I want to take a moment to put this on the official record, for everyone on the web to possibly read: I formally apologize for every instance of teasing to which I ever subjected him.

Why the sudden turn around, only a month and a half into my own time as a library director? Because I already have piles of paper all over my office. There's a stack of books that were donated by a faculty member and another pile of books that were donated by a member of our staff. There's a small pile of articles I want to read and a large-ish pile of catalogs I have to go through. Then there's my official in box, which has - more than once - escaped its bounds to take over my desk. The worst part isn't that there are piles, it's how much of my office, my very small office, is taken up with these piles.

So, how do I plan to deal with this? To be honest, I'm not quite sure. There's a lot of work I need to do, and I'm not even done with planning to plan. I know I need to feel better situated in my space and I know I need to get back to my old habit of carving out two hours every Friday afternoon just for getting caught up to myself. I also know that I've turned a corner and am adding less to the piles than I'm subtracting. Beyond that, though, I'm still figuring this out.

By the way, I should have suspected something when my last director jokingly said, the last time I made fun of the disarray in his office, that he was willing to bet that my office at my new library would be just as bad given time. He was right. He was so, so right.

Anyway, how about you? How do you keep the piles from encroaching?

Thursday, March 14, 2013

So, You Want to Be an Archivist?, by Lauren Arnsman


Making the decision to go to library school was kind of a spur-of-the-moment idea for me. So, too, was deciding to become an archivist. The thing that pushed me into the archival field was my interest in history and my nosy curious nature. I’ve always been interested in the stories behind things and where X comes from. My first internship was at the Detroit Opera House, starting their online archive. It was kind of tedious, scanning program after program, but I loved it. As I made my way through classes that I found interesting, I realized I was taking a lot of archive-based classes as well as classes that would help me more as an archivist than a librarian. All of a sudden, there I was: BOOM! Archivist!

You: “What is an archivist, though?”

Good question! (As a side note, always be ready to answer this question: “what do you *do* exactly?”) Archiving boils down to providing access to information determined to have long-term value. In that sense, librarians and archivists are similar. Here’s where they differ: a big part of my job is assessing the worth of the information and organizing it so it makes sense.  This is essentially the task of every archivist. My position is unique at my institution because I am what’s known as a Lone Arranger. I am the sole archival person in the organization that I work for, a community college in Southwest Michigan. Not only do I process collections, arrange and organize them, but I also upload digital versions to the archives website. I will say this, as much as I love the work that I do, it can be a little lonely.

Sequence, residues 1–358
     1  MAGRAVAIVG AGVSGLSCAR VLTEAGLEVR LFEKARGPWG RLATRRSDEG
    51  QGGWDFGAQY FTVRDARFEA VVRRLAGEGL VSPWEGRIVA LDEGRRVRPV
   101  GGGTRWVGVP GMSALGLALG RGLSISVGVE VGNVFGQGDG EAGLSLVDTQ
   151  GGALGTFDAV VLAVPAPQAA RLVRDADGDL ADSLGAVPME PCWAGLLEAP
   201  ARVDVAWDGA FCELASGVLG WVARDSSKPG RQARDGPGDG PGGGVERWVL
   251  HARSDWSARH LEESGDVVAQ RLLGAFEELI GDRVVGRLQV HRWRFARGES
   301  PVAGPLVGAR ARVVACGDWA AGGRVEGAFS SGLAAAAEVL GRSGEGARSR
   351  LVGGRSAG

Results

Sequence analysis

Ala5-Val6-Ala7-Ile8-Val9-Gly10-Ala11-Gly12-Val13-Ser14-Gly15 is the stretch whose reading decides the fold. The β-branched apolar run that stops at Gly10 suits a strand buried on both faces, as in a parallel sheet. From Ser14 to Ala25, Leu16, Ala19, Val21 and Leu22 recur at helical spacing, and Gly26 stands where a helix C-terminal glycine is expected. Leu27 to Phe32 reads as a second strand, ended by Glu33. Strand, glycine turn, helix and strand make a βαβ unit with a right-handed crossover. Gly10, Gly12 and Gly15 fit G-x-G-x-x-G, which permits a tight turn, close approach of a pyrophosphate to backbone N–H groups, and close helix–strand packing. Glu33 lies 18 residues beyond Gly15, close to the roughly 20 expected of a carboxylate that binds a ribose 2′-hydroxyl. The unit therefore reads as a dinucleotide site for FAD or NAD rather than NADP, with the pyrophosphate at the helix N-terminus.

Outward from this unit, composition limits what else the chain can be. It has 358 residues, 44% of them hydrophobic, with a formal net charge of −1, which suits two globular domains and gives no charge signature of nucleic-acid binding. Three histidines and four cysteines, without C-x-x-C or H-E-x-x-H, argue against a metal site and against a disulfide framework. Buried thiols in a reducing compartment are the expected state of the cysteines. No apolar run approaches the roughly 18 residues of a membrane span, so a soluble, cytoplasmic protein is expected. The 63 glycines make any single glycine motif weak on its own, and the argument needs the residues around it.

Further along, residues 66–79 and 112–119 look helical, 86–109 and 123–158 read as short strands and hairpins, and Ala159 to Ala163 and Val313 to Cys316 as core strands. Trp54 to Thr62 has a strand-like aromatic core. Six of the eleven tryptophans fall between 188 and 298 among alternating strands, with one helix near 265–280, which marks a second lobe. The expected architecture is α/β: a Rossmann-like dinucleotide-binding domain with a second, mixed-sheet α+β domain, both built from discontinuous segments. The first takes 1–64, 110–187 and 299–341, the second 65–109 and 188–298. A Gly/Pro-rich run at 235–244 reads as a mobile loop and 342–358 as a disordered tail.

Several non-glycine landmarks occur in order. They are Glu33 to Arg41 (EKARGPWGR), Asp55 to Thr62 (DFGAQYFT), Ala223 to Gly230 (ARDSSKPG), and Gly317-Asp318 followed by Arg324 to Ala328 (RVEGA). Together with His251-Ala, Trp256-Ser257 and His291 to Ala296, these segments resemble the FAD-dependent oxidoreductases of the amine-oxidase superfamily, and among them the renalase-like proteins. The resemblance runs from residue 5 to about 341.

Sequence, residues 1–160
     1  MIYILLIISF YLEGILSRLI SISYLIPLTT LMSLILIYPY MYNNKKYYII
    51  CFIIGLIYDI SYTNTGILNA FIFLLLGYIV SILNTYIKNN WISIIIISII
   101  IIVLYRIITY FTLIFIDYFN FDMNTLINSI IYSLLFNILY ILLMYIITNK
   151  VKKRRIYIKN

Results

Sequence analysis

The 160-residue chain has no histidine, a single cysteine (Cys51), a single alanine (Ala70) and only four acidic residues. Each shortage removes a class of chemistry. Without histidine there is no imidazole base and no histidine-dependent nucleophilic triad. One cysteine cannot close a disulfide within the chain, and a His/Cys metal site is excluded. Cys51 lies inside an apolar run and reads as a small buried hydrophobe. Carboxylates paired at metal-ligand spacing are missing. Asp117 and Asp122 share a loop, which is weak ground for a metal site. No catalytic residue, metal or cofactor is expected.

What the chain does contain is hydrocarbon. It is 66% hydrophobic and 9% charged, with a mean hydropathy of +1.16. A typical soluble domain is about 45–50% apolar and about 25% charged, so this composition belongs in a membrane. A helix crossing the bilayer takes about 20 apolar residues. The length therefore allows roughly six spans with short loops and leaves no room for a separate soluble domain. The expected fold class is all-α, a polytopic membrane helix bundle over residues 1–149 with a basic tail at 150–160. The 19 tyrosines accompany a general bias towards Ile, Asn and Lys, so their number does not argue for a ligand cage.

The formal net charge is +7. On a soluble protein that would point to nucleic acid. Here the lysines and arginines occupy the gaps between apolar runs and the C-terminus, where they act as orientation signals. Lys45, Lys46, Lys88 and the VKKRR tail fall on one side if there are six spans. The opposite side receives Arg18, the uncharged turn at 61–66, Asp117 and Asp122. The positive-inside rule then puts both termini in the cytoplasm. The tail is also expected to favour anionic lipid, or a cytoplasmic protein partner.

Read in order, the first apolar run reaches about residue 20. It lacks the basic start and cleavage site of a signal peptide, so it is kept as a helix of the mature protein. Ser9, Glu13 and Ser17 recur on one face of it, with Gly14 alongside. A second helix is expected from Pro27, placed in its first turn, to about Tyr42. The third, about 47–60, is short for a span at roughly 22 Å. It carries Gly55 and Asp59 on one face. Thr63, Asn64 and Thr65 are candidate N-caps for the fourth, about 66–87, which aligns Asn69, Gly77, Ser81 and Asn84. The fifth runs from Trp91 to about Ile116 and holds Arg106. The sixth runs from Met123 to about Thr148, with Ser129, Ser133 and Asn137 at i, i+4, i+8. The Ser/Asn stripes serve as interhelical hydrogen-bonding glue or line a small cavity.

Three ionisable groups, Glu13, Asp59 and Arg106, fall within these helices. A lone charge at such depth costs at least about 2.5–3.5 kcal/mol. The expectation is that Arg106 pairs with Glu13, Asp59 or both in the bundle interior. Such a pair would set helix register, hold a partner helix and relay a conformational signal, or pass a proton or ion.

You: Sweet! You mean I can work BY MYSELF?!

Well, kinda. A lot of people assume being an archivist means you’re shoved in a basement, so if you hate people, be an archivist! This is waaaaaaaay not true. A HUGE part of archives in ANY organization is outreach. Where do you think the stuff comes from? You have to network and make contacts within the community so people know the repository is there. Otherwise, there isn’t much point in having the archive to begin with. Also, ultimately the goal is to get people inside the archives to show off all the awesome things that are there, so you do have to be good at customer service. The other thing that is still hard for me sometimes is being my own advocate. It’s hard because I’m in a state, Michigan, where the economy has been rough for a while and with budgets tightening, I have to justify *why* I’m needed. This is why it’s so important to have an answer to “what do you do?” I have to prove my worth to continue doing what I love.

You: Why would I want to be an archivist, anyway?

One of the reasons I love my job is because I see it as one big puzzle. There are small puzzles within the big puzzle: I have to figure out when photographs were taken, and then I have to decide how to arrange the photos (and other items) in a way that would make it easy for anyone off the street to come in and browse. I also get to talk about the puzzles. That’s the part of advocacy and outreach I love, meeting others and either getting them interested in the subject for the first time or showing people just how deep the information goes. I like knowing the entire history of a thing and now, it’s my career. 

Lauren Arnsman is the archivist at Kellogg Community College. You can find her on Twitter, @unrealsnow, where she talks about the important things: cats, movies, and books.

Tuesday, March 12, 2013

Got Dust? And Other Ways to Weed Reference...


I'm thinking about dust today. More specifically, I'm thinking about the layer of dust that gathers on a book that has been sitting on a library's shelf for a long time. Why am I thinking about dust? I'm contemplating my first weeding project at my new library: the reference section.

Now, I've talked about weeding before, and those rules definitely enter into my decisions with a reference collection, but there are other factors to consider. Further, unless you've been careful to track use for a while, there's no real way to know how many times a book has been used. Besides, despite the title of this post, if you have a good cleaning staff then you can't even judge by the layer of dust.